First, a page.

A woman with gray streaks in her dark hair was waving a hand high in the air as she hurried down the porch steps. Grandfather gave his good friend a hug.

“Kate, how do you manage to look younger every time I see you?” he asked.

“Never mind your flattery, James,” said Kate, with a twinkle in her eye. Then she turned her attention to the children. “I can’t believe I finally get to meet your wonderful family.”

Grandfather smiled proudly as he introduced Henry, Jessie, Violet, and Benny to Kate Crawford.

“It’s very nice to meet you,” Jessie said politely, speaking for them all.

“I feel as if I know you already,” Kate told them, as she slipped her hands into the pockets of a dress splashed with sunflowers. “Your grandfather has told me all about your wonderful adventures. And just between us,” she added, “this place could use a little excitement.”

At that, Grandfather had to laugh. “Kate, there’s never a dull moment with my grandchildren around.”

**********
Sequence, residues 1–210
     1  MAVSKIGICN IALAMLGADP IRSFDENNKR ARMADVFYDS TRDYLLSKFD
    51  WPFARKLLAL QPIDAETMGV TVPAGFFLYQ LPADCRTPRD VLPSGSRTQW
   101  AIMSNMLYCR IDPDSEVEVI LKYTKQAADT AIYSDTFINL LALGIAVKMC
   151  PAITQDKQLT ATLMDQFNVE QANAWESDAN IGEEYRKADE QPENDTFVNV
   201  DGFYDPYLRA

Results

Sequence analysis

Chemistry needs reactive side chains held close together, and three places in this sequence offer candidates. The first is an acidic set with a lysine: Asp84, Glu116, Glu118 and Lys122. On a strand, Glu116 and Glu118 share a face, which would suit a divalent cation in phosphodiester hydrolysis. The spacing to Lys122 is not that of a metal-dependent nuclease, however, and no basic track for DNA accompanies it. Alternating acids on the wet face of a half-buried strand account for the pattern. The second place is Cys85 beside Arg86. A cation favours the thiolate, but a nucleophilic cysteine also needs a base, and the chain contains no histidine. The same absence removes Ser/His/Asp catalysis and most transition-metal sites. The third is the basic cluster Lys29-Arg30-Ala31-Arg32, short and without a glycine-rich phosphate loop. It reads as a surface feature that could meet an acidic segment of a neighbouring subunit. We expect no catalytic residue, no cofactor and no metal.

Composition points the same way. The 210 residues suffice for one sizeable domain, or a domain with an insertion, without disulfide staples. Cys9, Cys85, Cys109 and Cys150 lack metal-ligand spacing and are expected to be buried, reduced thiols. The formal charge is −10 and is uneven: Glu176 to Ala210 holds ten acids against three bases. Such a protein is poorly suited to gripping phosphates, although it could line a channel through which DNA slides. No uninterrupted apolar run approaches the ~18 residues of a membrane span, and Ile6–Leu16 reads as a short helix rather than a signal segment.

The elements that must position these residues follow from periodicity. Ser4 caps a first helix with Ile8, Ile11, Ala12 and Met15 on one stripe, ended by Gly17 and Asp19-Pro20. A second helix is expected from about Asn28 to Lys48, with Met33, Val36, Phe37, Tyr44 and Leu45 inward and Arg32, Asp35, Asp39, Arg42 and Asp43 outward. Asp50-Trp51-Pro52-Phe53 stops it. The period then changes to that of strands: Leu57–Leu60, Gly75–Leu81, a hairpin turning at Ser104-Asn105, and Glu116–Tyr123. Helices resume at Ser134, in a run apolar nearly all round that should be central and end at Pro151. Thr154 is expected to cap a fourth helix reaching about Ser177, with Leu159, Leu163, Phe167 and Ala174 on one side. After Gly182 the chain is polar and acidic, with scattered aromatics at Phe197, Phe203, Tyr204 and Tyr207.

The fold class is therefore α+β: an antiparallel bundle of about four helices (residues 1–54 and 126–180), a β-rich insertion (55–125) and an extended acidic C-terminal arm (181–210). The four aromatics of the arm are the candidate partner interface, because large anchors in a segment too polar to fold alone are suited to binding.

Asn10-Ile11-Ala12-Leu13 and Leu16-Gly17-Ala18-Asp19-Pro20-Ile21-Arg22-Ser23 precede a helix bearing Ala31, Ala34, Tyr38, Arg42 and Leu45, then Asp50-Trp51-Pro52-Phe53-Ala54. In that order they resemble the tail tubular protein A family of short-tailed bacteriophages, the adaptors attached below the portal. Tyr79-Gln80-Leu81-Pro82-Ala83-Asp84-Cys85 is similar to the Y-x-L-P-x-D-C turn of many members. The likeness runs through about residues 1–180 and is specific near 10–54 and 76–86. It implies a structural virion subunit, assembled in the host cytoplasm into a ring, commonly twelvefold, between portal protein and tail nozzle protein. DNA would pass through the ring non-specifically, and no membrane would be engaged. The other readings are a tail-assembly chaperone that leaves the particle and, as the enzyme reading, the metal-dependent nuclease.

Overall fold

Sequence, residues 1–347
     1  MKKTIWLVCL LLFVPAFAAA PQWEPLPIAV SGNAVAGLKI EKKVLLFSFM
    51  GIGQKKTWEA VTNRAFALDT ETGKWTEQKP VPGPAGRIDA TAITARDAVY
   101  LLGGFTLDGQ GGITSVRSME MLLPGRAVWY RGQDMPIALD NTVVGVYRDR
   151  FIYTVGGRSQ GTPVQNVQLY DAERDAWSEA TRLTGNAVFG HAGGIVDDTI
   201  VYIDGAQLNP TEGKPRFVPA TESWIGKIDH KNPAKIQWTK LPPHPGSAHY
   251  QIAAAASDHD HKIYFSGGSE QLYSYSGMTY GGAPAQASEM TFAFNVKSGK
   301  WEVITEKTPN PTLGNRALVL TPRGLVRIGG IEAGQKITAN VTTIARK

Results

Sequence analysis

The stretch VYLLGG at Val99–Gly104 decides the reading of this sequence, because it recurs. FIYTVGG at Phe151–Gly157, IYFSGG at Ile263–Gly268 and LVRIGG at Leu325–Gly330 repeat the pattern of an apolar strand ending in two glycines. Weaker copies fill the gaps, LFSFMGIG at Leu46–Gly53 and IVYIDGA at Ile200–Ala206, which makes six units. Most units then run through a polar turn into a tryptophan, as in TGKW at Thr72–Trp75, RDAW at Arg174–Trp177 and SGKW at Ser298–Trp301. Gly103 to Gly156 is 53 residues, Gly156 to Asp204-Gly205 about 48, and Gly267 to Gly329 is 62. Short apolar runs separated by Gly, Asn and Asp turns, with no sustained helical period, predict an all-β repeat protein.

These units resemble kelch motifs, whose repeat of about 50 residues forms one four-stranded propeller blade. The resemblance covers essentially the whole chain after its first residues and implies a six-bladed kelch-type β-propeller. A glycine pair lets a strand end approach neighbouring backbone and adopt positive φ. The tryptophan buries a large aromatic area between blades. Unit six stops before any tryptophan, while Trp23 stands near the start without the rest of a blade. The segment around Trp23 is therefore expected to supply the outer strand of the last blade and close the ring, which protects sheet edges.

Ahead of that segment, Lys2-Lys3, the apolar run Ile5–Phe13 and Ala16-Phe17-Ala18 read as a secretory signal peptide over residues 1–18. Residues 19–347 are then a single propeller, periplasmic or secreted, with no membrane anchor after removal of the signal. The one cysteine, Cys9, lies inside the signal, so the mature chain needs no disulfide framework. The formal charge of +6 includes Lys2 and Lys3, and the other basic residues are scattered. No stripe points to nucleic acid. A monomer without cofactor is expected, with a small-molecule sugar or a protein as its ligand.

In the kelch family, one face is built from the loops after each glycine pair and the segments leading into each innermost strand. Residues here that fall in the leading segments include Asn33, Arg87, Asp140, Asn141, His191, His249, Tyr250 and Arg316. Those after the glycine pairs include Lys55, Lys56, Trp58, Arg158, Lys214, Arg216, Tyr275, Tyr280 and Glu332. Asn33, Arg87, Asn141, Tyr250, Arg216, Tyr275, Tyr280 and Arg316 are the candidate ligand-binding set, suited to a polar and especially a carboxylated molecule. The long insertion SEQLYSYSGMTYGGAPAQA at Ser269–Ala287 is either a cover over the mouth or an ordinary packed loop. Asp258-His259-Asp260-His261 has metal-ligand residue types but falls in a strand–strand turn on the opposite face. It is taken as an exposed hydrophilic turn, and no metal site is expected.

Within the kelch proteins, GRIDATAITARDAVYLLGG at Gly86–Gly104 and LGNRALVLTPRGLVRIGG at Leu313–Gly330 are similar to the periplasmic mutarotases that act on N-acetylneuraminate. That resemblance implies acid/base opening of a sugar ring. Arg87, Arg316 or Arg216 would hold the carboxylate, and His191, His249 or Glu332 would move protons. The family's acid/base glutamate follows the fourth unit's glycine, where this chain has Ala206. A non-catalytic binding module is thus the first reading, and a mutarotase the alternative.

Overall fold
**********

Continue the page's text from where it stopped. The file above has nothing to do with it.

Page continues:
“Well, I’m glad to hear that!” Kate’s laughter was warm and bubbly.

Grandfather lifted the suitcases from the trunk of the car. Then he looked at his watch. “I don’t like rushing away, but I do have a business dinner to attend.”

Kate smiled. “Plenty of time to visit when you get back, James.”

Grandfather gave each of his grandchildren a hug. “I shouldn’t be more than a few days,” he told them. Then with a cheery honk of the horn, he drove away.

The children waved good-bye, then followed Kate up the porch steps.

“You can unpack before dinner,” Kate said.

“Oh, we can eat first if you want,” offered Benny. “If dinner’s ready, I mean.”

“Benny loves to eat,” Henry explained.

Kate laughed. “Then we’ll make a good team, Benny. It just so happens, I love to cook!”

“Oh, look!” Something had suddenly caught Violet’s eye. The others followed her gaze to a bronze plaque hanging beside the front door. The inscription on the plaque read: ETHAN CAPE ONCE STAYED HERE.